The last issue of 2012 of Green Chemistry is now published online.
The front cover of this months’ issue features work by Amit Naskar and colleagues from Oak Ridge National Laboratory, USA, who report the development of lignin-based thermoplastics. Lignin is one of the most abundant natural polymers, and represents an valuable renewable resource. Previous work into applications of this material found that it could be combined with flexible polymers to produce a variety of co-polymer materials. However, these materials tended to be thermoset plastics and brittle materials and therefore are barely recyclable. Here the team managed to create lignin-based co-polymer thermoplastics, which would be recyclable and potentially biodegradable as well.
Turning renewable resources into value-added polymer: development of lignin-based thermoplastic, Tomonori Saito, Rebecca H. Brown, Marcus A. Hunt, Deanna L. Pickel, Joseph M. Pickel, Jamie M. Messman, Frederick S. Baker, Martin Keller and Amit K. Naskar, Green Chem., 2012, 14, 3295-3303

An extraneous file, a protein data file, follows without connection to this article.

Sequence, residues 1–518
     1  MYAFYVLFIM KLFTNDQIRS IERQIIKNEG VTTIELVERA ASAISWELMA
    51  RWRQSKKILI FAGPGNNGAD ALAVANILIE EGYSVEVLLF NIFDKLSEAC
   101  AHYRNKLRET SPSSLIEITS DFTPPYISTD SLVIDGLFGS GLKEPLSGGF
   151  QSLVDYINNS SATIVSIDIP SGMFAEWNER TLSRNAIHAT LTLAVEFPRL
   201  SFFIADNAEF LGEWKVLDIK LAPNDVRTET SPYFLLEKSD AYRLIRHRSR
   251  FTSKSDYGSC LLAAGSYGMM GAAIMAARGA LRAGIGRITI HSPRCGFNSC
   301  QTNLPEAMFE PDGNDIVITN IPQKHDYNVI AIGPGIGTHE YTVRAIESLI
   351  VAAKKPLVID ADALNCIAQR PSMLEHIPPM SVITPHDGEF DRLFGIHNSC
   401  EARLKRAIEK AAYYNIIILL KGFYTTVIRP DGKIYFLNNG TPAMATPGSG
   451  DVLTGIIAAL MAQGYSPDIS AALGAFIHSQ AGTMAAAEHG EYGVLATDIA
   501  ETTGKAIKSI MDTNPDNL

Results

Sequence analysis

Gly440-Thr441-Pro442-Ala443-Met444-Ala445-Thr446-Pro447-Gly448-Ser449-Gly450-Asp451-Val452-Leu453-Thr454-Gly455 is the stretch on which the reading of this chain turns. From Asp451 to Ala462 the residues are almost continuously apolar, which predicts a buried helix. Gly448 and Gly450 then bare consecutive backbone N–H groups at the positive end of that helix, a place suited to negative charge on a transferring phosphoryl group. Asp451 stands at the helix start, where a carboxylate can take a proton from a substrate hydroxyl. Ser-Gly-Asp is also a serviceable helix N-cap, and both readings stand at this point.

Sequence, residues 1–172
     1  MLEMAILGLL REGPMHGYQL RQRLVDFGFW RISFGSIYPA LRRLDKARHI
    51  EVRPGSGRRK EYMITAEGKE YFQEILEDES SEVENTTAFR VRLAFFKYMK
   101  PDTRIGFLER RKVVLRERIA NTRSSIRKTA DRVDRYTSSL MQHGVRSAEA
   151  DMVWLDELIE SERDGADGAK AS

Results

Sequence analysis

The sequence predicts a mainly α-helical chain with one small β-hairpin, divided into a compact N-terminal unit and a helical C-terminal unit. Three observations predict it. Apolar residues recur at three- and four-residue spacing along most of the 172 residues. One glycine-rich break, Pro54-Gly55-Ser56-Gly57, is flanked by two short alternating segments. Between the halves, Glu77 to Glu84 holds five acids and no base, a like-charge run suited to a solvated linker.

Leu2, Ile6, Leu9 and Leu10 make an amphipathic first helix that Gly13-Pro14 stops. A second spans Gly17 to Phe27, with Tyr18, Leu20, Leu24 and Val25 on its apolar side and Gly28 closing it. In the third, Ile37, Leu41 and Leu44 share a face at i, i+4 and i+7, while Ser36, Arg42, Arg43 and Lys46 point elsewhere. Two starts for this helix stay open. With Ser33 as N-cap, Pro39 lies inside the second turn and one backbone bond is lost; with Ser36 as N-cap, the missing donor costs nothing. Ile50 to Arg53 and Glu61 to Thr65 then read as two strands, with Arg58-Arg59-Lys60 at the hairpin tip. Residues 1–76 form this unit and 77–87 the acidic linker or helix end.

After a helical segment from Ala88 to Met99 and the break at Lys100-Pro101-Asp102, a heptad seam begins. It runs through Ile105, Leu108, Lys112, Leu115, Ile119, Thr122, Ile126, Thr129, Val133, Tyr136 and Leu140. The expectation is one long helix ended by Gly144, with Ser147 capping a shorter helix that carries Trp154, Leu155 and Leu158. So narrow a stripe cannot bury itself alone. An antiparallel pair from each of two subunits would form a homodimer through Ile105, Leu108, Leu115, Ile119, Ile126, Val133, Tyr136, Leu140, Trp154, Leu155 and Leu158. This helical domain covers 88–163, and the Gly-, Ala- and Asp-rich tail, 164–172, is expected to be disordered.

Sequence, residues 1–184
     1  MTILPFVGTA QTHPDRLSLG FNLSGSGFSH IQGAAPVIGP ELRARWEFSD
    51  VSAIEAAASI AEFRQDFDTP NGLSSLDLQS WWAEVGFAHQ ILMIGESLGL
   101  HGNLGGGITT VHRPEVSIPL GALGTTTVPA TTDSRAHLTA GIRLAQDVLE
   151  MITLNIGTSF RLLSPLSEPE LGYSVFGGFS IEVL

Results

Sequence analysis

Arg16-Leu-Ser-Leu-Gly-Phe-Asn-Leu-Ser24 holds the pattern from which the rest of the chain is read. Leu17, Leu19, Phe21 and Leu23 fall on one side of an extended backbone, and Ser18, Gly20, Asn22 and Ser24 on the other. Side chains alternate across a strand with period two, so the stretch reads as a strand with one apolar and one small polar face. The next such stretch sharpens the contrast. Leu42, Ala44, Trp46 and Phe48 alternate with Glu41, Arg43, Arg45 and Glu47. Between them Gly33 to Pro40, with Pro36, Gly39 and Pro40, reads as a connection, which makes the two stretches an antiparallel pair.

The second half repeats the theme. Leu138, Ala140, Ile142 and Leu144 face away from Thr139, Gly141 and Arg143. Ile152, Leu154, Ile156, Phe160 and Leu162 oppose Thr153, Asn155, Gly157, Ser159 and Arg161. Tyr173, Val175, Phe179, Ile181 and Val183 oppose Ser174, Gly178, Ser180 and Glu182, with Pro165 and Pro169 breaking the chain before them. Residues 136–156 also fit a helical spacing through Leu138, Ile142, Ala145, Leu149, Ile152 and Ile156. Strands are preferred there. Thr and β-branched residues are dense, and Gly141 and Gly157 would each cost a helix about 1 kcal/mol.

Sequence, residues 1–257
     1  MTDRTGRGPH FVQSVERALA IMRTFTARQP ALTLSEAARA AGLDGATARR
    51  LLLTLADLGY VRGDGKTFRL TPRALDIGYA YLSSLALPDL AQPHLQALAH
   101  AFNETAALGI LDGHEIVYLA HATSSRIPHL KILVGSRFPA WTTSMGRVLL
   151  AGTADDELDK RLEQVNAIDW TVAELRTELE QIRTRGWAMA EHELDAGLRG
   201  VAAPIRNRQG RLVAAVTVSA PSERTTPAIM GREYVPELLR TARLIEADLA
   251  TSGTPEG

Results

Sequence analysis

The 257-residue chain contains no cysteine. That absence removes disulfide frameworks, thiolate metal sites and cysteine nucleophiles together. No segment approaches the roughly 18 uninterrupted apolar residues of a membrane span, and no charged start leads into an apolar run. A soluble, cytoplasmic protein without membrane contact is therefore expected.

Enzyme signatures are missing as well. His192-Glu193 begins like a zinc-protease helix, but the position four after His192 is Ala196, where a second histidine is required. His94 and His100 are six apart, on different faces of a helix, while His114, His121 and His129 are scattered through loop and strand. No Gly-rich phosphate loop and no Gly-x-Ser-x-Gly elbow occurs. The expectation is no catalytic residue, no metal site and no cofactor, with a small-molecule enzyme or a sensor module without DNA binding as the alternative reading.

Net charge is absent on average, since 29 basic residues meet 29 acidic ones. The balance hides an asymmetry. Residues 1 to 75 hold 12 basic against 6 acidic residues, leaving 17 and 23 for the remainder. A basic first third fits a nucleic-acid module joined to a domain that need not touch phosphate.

The inside front cover highlights work by Yu Fan, Xiaojun Bao and colleagues from the China University of Petroleum (China) and the University of British Columbia (Canada) who report the synthesis of zeolite Y from natural aluminosilicate minerals for application in fluid catalytic cracking. Modern industrial synthesis of zeolite Y involves chemicals that are derived from natural bauxite, but this requires an huge amount of energy and generates a lot of waste. Here, zeolite Y could be synthesised directly from natural aluminosilicate minerals, avoiding the need of additional inorganic chemicals and relying instead on natural raw materials. The resulting zeolite exhibited outstanding catalytic cracking performance.
Synthesis of zeolite Y from natural aluminosilicate minerals for fluid catalytic cracking application, Tiesen Li, Haiyan Liu, Yu Fan, Pei Yuan, Gang Shi, Xiaotao T. Bi and Xiaojun Bao, Green Chem., 2012, 14, 3255-3259
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